Boredless tourist: attractions_for_destination?


I’ve been attempting to complete this project. I don’t understand the logic behind the function add_attraction(). Inside the function, we need to make a variable attractions_for_destination, append the value passed by attraction variable, and return nothing?

by that logic,

def add_attraction(destination, attraction):
    destination_index = get_destination_index(destination)  
    attractions_for_destination = attractions[destination_index]  
  except ValueError:  

if I do this, because there is nothing that modifies attractions variable, every time attractions_for_destination = attractions[destination_index] is run, it will assign an empty list, I think? I honestly don’t understand the logic. why not append the attraction directly to the attractions list, like attractions[destination_index].append(attraction), instead of creating a variable attractions_for_destination?

PS: How do I properly add indentation? my whitespace is eaten.


Hi @iamlearningjava

Regarding the indentation, you need to format your posted code. See How to ask good questions (and get good answers) for advice.

The add_attraction function adds an attraction to the attractions object, which is a list of lists. the function just needs to perform that action, and does not need to return anything in particular.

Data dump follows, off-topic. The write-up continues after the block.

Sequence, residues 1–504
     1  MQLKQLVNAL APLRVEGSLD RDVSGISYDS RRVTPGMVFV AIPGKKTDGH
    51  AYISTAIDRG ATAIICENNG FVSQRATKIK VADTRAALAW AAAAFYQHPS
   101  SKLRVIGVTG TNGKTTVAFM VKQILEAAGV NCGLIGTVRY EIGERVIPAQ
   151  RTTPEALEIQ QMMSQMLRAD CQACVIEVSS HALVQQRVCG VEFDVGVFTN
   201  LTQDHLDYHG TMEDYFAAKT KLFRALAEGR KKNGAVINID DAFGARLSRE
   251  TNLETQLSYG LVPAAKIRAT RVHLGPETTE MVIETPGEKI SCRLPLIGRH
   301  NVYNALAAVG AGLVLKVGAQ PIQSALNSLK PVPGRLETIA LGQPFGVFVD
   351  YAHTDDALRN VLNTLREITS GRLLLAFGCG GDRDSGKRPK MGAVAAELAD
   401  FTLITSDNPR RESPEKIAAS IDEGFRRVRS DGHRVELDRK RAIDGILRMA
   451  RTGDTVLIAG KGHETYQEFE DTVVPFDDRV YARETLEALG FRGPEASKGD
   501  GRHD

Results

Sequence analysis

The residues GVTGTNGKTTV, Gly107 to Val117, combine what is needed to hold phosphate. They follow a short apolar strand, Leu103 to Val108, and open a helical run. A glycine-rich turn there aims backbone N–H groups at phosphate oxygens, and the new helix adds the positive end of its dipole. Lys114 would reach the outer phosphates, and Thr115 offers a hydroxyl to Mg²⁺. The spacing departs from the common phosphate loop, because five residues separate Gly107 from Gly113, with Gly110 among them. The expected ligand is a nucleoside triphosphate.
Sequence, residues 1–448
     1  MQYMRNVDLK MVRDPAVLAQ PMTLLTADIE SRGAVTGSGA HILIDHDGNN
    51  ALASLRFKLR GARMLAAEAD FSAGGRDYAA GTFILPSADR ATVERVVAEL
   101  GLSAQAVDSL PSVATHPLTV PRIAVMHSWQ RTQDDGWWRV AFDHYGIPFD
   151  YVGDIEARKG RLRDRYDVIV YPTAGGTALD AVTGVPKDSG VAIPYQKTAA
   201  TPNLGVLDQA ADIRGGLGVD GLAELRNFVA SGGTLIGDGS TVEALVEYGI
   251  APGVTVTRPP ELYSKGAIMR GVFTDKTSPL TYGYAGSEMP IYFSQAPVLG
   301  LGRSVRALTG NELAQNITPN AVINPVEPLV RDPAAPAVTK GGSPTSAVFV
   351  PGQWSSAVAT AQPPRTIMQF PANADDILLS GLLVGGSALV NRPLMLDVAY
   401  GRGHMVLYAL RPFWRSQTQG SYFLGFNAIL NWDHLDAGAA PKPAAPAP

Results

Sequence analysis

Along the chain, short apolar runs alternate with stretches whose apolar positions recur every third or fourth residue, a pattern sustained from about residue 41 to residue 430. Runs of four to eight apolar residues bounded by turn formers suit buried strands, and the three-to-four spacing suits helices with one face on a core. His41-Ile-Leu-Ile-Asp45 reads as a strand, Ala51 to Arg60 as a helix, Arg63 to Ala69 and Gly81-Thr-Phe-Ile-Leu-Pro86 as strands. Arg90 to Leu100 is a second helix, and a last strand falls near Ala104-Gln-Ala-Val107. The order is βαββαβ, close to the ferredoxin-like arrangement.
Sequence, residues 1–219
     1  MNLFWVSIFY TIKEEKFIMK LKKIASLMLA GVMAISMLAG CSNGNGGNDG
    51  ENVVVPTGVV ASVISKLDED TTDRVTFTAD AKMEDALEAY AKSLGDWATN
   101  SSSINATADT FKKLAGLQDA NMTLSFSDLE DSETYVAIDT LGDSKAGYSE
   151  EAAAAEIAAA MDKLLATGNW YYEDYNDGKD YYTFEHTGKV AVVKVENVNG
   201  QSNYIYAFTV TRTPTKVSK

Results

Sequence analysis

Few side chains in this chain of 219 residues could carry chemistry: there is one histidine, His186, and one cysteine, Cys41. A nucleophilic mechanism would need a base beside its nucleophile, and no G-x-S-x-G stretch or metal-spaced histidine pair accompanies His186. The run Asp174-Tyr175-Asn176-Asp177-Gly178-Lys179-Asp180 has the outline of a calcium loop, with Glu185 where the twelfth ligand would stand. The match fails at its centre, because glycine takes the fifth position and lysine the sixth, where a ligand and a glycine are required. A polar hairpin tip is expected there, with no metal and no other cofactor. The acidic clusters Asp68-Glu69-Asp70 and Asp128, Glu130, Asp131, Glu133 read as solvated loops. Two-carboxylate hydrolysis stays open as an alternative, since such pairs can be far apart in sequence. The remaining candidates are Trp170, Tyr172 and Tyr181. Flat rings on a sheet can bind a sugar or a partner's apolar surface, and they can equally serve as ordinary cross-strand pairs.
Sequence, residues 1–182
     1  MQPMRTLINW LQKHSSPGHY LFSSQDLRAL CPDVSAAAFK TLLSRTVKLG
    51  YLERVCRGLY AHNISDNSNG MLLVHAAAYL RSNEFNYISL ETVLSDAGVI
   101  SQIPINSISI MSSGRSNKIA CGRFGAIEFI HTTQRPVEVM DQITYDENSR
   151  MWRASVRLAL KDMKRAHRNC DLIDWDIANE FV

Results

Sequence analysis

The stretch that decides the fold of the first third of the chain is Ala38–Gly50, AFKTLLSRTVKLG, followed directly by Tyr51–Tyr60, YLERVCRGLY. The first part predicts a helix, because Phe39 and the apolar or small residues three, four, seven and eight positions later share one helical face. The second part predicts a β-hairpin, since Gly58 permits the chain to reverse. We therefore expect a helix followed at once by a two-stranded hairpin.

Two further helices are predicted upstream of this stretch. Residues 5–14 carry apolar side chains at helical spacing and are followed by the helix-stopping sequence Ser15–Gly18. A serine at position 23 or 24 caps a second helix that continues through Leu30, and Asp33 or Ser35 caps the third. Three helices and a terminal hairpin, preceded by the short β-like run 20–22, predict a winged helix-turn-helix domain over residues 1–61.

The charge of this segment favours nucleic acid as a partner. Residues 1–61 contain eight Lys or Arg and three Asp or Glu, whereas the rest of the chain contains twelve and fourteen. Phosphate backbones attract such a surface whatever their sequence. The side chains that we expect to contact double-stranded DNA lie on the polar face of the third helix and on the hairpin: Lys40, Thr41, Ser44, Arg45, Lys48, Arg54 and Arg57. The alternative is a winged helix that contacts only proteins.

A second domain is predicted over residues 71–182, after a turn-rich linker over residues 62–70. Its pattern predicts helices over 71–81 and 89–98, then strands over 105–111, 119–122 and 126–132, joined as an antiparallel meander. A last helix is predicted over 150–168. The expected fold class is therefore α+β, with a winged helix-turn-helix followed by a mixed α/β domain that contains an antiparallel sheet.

Each of the lists within attractions is a list of attractions for a particular destination. The list of attractions for each destination is located at an index that is the same as the index of that destination within the destinations list.

The add_attraction function uses the get_destination_index function to find the index of destination and saves it to destination_index. Then it uses that same index to access that destination's list of attractions within the attractions list. It saves a reference to that list to attractions_for_destination. Then it uses that attractions_for_destination reference to append the attraction to that destination's list of attractions.

If everything went well, then good, we have added an attraction for destination. If not, perhaps because we had an invalid destination or attraction, we have a ValueError, and nothing got added.


I’m doing this project now and have the same question and I still don’t understand. Isn’t “attraction” only being appended to attrations_for_destination? why is it also being added to "attractions[destination_index]

Not sure if this is relevant but when I re-write the code without the “attractions_for_destination” variable at all, and instead just append “attractions” directly the output is the same. When the code is written this way it makes sense to me.


I’m not sure if I understand your questions 100%, but I think I get the idea.

There are two lists in this project.

destinations = ["Paris, France", "Shanghai, China", "Los Angeles, USA", "So Paulo, Brazil", "Cairo, Egypt"]
attractions = [[], [], [], [], []]

attractions is a lists within a list. list at index 0 corresponds to Paris, France. List at index 1 corresponds to Shanghai,China.

So you need to make sure you’re adding the attraction to the correct corresponding destination. We do this by attractions[destination_index]. So if it is China it will identify the location to append attractions[ 1 ] and then append the attraction to the correct list. attractions[ 1 ].append(“Great Wall”)

attractions = [[], ["Great Wall"], [], [], []]